As hurricane season approaches, it is important to remember to create an evacuation plan for the whole family. June is National Pet Preparedness Month as a reminder that disasters can happen at any moment, a “go bag” is essential in the event your home is struct by a natural disaster and you need to evacuate quickly with your loved ones. Along with natural disaster are man-made disasters that you should prepare and keep in mind such as plane crashes, chemical spills, fires, and power outages. A “go bag” will ensure a calm and quick exit. Use this list to help you for your “go bag” and emergency preparation:
- A week’s worth of food (canned and nonperishable foods in airtight and waterproof containers are recommended)
- A week’s worth of water (rotate it regularly)
- Updated Identification for both you and your pet.
- Medication (keep an extra supply of your pets’ daily medications in a waterproof container)
- Medical Records (keep a copy physically or digitally of your pets’ updated records in the event of flooding in your area)
- Water/Food bowls
- Collar ID tag with update contact information. Microchipping is also suggested as collars can fall off and go missing in inclement weather.
- GPS collar, in the event your outdoor pet gets lost.
- Additional collars, harness, and leashes.
- Sanitation supplies (keep paper towels, disinfectant spray, trash bags and any other necessary cleaning items)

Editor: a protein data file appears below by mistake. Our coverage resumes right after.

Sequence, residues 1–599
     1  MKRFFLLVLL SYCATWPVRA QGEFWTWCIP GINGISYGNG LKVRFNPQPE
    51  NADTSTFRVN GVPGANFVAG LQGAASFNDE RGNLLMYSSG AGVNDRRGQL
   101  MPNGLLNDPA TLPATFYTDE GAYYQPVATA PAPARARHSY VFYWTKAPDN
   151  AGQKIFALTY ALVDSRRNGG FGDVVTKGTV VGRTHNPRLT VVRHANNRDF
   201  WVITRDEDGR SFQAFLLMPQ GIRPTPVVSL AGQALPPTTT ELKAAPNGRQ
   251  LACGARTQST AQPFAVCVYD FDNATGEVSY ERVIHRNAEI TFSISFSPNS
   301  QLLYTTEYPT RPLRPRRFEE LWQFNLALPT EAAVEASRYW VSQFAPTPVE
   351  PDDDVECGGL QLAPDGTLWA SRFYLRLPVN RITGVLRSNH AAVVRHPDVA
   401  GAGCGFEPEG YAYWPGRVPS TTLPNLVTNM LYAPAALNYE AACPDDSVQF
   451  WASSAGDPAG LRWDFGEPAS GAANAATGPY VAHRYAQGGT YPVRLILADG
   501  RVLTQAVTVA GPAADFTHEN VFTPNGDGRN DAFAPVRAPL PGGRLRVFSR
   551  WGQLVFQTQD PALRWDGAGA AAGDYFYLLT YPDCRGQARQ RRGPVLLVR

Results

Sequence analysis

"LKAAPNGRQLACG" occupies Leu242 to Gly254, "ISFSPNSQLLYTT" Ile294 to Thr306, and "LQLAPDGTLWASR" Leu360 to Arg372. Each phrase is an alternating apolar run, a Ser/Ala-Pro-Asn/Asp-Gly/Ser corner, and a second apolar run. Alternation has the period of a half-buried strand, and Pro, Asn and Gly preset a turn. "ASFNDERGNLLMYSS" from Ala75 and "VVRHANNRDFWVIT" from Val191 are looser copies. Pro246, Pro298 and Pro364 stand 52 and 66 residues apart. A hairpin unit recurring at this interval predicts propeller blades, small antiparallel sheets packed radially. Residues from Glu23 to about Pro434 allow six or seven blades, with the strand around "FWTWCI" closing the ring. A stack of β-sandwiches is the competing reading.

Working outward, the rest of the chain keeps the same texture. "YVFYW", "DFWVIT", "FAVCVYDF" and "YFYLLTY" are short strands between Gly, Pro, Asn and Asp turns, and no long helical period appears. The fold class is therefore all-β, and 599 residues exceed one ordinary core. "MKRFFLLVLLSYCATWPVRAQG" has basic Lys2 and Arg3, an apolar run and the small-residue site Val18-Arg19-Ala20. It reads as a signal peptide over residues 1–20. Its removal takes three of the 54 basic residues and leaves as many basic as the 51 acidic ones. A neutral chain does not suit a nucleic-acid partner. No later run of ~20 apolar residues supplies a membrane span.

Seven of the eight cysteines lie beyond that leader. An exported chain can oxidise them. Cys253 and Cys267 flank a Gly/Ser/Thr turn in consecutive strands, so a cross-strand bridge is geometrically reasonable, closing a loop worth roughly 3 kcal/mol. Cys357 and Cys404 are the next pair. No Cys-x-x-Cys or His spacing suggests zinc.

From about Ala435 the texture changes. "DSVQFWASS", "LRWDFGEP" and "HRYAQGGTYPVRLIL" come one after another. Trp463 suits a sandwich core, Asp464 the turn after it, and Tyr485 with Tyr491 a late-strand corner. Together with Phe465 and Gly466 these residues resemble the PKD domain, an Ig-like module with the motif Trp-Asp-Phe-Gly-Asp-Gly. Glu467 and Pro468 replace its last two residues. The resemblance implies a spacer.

- Traveling crate
- Dog waste bags
- Flashlight (in the event of a power outage, keep close sight of your furry friend)
- Blanket (to bed your pet)
- Toys and chews (these will ensure to keep your pet calm and relaxed while ensuring fun and safety during the chaos)
- Anxiety jacket is recommended for pet’s that get nervous during severe weather.
- A picture of you and your pet together in the event you become separated.
If you have large animals, ensure vehicles are available for transporting and evacuate animals earlier.
Creating an evacuation plan is equally essential as emergency bag preparation. Ensure you have an additional place you can take shelter; in the event your area is in a flooding zone or high winds area. Ensure pets are allowed in your subsidiary location, as many hotels and public shelter do not allow animals. Develop a system with your close community of friends and family to care or evacuate your pet in the event you are not able to.
Keeping current with the conditions and staying informed is another crucial step in preparing for a disaster. Listen to your local news in the event an emergency evacuation is in order. Regardless of your level of preparation always bring your pet indoors to safety and carry them as you travel this will prevent any unnecessary losses. Your pet is a loved one and their wellbeing is a priority, along with the rest of your family. If you require additional information and tips to prepare your pet for a disaster, contact your local veterinary or animal shelter.
Prepare your family today!